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Impact-fee-free zones may be cut or scaled back

By Times Staff Writer
Published October 26, 2005

TAMPA - Frederick Vonderheid has lived in Gibsonton for 25 years, but after 18 months of rampant home construction spurred by a Hillsborough County program that waives building fees for rural or depressed areas, he barely recognizes it.

"It's not pleasant to live here anymore," Vonderheid said. "The roads just can't take any more of this. They need to get the people responsible for this growth to start paying for it."

On Tuesday, Commissioner Ronda Storms said it was time for commissioners to shrink or eliminate some of the impact-fee-free zones she has supported since 2000 as a way to spark development in economically depressed areas.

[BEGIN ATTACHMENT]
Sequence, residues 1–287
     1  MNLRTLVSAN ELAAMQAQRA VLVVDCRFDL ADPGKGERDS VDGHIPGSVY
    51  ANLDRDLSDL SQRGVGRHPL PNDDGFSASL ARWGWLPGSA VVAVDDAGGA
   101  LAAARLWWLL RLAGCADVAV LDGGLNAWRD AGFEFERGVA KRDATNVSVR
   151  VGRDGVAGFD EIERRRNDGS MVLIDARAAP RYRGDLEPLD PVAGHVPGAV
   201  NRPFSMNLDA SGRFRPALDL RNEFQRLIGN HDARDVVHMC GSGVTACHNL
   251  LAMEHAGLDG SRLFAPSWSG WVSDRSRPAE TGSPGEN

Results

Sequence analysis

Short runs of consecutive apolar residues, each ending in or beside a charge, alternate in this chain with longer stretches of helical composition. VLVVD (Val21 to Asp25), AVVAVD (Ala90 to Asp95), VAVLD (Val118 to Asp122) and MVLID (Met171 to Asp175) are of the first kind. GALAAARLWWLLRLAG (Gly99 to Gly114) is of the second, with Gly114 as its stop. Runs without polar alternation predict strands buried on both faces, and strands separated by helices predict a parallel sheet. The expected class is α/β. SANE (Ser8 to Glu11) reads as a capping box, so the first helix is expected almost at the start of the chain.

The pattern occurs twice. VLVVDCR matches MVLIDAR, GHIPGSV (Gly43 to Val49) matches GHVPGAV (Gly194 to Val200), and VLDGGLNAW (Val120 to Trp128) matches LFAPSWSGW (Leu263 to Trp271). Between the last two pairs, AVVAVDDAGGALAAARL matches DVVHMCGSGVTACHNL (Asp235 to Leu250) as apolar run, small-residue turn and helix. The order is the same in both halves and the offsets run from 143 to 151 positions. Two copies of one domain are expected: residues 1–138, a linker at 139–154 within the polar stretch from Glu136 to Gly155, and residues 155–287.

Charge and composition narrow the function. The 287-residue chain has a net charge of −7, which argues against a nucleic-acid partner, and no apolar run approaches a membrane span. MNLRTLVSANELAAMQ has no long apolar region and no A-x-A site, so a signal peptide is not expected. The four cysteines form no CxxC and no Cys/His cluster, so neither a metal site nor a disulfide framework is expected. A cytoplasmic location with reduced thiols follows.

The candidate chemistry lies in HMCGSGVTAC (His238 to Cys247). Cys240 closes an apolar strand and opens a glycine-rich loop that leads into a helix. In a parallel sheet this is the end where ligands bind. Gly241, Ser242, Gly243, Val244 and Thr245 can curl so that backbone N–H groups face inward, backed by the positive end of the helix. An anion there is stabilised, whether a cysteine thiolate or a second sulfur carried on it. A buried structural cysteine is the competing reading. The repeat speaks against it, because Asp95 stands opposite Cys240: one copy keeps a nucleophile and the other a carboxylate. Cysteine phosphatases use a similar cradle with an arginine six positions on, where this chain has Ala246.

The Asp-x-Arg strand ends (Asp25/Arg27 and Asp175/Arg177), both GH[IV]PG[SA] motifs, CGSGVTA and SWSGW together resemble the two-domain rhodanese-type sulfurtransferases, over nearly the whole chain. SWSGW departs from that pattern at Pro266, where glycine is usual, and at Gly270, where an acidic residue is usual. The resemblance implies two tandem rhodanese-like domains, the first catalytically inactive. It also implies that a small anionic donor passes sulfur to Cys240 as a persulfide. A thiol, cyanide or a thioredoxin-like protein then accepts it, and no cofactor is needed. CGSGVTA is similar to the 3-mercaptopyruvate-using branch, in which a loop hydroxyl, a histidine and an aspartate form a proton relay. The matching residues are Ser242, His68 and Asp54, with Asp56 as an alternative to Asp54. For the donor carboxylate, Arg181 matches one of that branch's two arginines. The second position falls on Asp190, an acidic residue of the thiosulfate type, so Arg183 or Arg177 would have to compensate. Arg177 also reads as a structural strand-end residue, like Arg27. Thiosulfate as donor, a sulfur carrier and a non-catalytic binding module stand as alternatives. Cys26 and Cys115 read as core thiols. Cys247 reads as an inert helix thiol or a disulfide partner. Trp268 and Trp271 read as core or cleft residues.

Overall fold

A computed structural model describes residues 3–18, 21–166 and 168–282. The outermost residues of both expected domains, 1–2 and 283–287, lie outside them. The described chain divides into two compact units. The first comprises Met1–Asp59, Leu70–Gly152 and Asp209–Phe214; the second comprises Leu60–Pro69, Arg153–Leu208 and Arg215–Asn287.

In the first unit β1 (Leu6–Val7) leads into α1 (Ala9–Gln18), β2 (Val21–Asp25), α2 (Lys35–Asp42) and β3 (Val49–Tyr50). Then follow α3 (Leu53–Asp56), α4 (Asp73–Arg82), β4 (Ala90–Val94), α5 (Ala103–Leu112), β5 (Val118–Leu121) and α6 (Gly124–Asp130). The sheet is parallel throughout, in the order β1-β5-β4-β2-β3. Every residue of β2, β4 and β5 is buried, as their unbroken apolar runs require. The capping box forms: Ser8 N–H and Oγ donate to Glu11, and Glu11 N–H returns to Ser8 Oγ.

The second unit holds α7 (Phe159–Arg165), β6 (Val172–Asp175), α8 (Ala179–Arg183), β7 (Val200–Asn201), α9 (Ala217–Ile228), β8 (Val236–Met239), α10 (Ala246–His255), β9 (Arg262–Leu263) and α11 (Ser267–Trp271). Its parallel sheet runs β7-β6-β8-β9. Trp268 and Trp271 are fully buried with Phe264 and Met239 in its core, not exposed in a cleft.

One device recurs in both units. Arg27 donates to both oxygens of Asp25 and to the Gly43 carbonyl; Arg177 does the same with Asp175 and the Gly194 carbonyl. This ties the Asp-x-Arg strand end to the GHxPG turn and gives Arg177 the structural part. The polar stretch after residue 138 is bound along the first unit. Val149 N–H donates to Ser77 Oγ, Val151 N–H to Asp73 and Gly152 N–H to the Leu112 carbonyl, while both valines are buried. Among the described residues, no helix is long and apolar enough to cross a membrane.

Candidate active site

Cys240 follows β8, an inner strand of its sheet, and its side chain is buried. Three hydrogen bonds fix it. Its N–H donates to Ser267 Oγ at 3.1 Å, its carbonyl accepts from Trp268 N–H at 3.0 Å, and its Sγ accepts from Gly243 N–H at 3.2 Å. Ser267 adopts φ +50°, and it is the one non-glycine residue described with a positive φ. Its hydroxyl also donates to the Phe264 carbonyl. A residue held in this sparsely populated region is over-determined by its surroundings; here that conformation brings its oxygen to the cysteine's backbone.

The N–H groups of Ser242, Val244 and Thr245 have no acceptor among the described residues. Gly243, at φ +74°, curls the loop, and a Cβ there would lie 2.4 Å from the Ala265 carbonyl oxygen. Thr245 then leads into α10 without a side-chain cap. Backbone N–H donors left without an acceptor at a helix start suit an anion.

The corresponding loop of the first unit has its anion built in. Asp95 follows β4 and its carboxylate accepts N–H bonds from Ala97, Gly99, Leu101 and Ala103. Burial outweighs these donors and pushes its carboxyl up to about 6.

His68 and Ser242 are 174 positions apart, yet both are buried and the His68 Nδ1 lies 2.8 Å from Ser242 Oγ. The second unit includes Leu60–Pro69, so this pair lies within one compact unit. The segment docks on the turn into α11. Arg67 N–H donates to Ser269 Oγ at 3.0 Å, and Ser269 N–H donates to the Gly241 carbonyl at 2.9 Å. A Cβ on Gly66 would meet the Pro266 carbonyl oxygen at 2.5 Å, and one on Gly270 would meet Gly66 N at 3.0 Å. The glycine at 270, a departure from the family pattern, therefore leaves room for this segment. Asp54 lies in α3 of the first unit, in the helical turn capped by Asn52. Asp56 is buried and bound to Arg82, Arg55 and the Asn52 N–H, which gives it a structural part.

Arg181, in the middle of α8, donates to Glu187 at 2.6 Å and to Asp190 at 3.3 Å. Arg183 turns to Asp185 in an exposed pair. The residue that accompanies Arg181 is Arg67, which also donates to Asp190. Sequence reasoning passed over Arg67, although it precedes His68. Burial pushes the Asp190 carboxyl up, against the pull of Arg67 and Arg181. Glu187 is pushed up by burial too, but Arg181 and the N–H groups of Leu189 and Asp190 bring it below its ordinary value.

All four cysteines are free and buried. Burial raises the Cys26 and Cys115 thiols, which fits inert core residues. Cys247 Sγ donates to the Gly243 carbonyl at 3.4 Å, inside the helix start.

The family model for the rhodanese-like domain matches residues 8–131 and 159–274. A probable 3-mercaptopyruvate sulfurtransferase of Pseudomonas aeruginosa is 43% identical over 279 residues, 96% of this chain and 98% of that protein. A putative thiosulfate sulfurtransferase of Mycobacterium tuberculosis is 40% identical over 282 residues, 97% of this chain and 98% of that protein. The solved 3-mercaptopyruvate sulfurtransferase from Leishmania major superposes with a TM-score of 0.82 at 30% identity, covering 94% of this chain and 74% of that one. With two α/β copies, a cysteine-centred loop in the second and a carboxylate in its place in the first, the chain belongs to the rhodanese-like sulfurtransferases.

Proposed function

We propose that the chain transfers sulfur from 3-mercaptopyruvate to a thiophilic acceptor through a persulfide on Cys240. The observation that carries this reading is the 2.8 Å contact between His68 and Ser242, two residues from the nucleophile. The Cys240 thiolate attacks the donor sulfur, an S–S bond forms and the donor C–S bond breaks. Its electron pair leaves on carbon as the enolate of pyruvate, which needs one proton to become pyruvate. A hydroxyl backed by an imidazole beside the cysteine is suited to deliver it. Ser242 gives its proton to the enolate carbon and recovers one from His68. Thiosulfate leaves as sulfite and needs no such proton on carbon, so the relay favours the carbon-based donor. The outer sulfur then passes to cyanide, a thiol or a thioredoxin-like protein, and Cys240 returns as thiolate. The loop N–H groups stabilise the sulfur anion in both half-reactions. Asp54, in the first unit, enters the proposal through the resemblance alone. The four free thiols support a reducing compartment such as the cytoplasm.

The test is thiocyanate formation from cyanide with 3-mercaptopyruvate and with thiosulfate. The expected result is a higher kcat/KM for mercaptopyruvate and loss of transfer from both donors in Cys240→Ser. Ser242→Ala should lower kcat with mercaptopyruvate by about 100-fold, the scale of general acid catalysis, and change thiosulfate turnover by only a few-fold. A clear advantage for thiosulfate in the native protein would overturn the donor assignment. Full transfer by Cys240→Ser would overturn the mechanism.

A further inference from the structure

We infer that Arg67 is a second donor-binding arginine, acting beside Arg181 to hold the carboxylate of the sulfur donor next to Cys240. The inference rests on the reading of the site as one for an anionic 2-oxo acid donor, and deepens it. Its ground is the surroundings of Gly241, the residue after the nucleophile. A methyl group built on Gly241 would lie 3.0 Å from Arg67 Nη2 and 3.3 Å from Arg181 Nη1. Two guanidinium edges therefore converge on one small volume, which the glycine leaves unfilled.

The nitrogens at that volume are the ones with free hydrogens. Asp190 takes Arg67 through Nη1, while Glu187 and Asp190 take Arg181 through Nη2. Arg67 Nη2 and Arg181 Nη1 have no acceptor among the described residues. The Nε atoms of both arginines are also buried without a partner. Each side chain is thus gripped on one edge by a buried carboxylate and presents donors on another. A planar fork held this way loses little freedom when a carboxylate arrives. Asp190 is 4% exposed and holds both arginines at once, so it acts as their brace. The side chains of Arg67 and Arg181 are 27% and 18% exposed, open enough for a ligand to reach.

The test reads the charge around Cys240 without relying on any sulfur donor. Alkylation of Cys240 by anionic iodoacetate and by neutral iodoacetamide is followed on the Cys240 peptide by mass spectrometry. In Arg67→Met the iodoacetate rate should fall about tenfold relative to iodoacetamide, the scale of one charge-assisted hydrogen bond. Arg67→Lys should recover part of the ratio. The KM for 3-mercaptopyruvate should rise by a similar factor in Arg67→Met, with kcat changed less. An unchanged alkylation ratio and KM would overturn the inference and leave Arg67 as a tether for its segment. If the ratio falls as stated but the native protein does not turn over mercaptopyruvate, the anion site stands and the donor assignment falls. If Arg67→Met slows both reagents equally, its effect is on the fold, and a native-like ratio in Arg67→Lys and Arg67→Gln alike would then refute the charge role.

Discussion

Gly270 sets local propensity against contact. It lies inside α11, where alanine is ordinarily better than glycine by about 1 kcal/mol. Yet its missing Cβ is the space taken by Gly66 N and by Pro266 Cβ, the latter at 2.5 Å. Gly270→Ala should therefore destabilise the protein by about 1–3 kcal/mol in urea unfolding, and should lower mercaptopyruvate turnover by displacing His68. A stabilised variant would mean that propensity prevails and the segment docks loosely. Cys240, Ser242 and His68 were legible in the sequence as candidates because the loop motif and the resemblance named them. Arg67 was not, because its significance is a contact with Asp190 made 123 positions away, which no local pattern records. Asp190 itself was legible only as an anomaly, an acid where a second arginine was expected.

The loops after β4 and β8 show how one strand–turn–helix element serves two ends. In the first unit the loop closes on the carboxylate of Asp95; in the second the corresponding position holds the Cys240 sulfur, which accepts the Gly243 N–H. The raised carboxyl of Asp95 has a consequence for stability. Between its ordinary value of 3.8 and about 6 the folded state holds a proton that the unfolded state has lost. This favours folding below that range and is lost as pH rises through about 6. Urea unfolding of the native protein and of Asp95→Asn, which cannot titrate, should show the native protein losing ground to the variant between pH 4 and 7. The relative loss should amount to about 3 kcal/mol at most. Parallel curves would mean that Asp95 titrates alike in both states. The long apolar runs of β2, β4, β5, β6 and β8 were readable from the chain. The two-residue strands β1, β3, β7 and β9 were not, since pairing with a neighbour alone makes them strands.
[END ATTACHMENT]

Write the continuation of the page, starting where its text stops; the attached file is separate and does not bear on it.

Commissioners created zones in Gibsonton, Ruskin, Wimauma, Palm River, Causeway, East Lake-Orient Park, Town 'N Country, and in an area near the University of South Florida. The zones have cost the county nearly $14-million in fees developers would have paid for roads and water and sewer pipes since January 2004.

Gibsonton by far was the leader, getting about $11-million in waived fees. Since the zones were created, more than 2,000 homes have been approved for the once-depressed area.

"We've done a good thing. We have helped those areas that needed help," Storms said.

But many of the people who live in these areas, Storms said, are being "crushed" by development because the rates of growth are so high. Residents in Palm River have signed a petition asking commissioners to eliminate the zone.

By December, commissioners expect to consider which zones to eliminate or shrink. Commission Chairman Jim Norman, a big supporter of the zones, suggested more zones could even be created.

[Last modified October 26, 2005, 00:44:15]

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